Laura Nyro was, above all, original.
Her unflinching confessional lyrics and audacious rhythmic shifts made her an idol and trailblazer for such stars as Elton John and Kate Bush. Nyro’s commercial success doesn’t reflect her talent, but her work will endure for generations.
Laura Nyro was among the most gifted singer/songwriters of modern times and one of the first female singer/songwriters who didn’t come from the folk-music world.
Her music reflected a combination of spirituality and street smarts. Bursting with talent, she possessed a penetrating, soulful voice, a commanding touch on the piano and an arsenal of impressionistic songs that drew from R&B, soul, gospel, jazz, Brill Building pop and Broadway show tunes. As Jon Pareles wrote in the New York Times, Nyro “linked high-flown poetry to the ecstatic emotions of soul music, and her singing mixed the pure tones of a soprano with the throbs and swoops of gospel and jazz.”
Nyro was not easily pigeonholed and seemed almost too intense and unconventional for mainstream tastes. She never attained a Top 40 single, gold album or Grammy Award. However, she did have a beloved cult following, and other performers found great success recording her songs, including Fifth Dimension (“Stoned Soul Picnic,” “Wedding Bell Blues”), Blood, Sweat and Tears (“And When I Die,” “He’s a Runner”), Three Dog Night (“Eli’s Comin’”) and Barbra Streisand (“Stoney End”). For back-to-back weeks in 1969, three of the Top 10 songs on Billboard’s singles chart were written by Nyro.
One of the anomalies of Nyro’s career was that she was guarded and retiring in her personal life but filled her songs and performances with uninhibited feeling and feverish intensity. She seldom gave interviews, toured infrequently and announced her retirement (which turned out to be temporary) at age 24. Nonetheless, her recorded work—especially a remarkable run of albums in her first half-decade—documented a major talent bursting with precocious soulfulness and a singular musical style.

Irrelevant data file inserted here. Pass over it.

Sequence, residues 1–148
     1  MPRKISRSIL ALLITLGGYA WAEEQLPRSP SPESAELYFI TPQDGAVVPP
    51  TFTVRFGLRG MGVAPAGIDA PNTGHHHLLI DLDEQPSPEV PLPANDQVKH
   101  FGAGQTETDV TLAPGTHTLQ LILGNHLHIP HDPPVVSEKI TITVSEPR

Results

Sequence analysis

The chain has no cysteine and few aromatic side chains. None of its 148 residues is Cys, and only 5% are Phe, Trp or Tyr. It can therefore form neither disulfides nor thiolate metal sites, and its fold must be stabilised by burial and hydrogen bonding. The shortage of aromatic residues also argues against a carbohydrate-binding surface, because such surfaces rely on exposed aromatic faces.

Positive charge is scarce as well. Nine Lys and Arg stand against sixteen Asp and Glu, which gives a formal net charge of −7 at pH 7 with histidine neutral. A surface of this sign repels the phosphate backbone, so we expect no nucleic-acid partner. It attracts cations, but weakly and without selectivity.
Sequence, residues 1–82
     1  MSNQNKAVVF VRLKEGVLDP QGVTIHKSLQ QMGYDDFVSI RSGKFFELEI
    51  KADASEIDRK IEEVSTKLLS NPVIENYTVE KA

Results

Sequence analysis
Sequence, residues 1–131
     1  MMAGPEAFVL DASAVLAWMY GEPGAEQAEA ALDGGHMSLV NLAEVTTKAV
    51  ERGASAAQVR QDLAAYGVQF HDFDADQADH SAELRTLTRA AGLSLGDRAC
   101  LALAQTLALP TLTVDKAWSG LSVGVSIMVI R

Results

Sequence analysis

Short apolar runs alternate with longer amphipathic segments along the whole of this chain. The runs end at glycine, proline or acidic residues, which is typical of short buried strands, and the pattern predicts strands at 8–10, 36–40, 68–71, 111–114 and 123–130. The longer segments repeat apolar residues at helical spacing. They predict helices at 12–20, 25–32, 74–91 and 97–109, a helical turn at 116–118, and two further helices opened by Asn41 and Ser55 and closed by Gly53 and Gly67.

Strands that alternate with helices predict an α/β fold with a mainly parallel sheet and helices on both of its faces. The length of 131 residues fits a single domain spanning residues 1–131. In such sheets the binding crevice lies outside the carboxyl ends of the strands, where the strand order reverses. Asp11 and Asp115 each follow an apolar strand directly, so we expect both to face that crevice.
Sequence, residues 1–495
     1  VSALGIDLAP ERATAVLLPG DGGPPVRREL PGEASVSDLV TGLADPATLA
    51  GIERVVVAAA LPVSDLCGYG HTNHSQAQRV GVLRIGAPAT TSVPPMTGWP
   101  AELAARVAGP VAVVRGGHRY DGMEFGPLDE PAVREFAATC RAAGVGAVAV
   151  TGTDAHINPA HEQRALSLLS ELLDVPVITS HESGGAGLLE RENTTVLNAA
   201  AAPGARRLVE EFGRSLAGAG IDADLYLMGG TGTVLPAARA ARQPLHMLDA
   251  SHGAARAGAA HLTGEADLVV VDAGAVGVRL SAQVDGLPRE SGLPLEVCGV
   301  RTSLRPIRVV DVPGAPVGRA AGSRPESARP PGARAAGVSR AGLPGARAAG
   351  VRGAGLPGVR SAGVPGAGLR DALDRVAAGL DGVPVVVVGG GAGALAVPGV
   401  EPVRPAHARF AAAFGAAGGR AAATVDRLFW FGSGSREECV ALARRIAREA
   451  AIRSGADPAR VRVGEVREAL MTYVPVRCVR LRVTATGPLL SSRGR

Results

Driven by an inner flame, Nyro was forthright and independent in her approach to music. “I’m not interested in conventional limitations when it comes to my songwriting,” she contended in the liner notes for Stoned Soul Picnic: The Best of Laura Nyro (1997). “I may bring a certain feminist perspective to my songwriting, because that’s how I see life. I’m interested in art, poetry and music. As that kind of artist, I can do anything. I can say anything. It’s about self-expression.”
Nyro (whose birth name was Laura Nigro) was raised in New York City, where she heard and studied all kinds of music. Her father was a jazz trumpet player. Her mother introduced her to opera and classical music. She attended the High School of Music and Art in Manhattan, where she discovered jazz and folk music. She and her friends sang in the streets of the city during the doo-wop era, furthering her love of soul, rhythm & blues and Brill Building pop music.
Nyro was only 19 when she recorded her debut album, More Than a New Discovery, released in early 1967 on the Verve-Folkways label. David Geffen saw Nyro perform at the Monterey Pop Festival in June 1967; it was only her second real performance. He became her manager and got her signed to Columbia Records.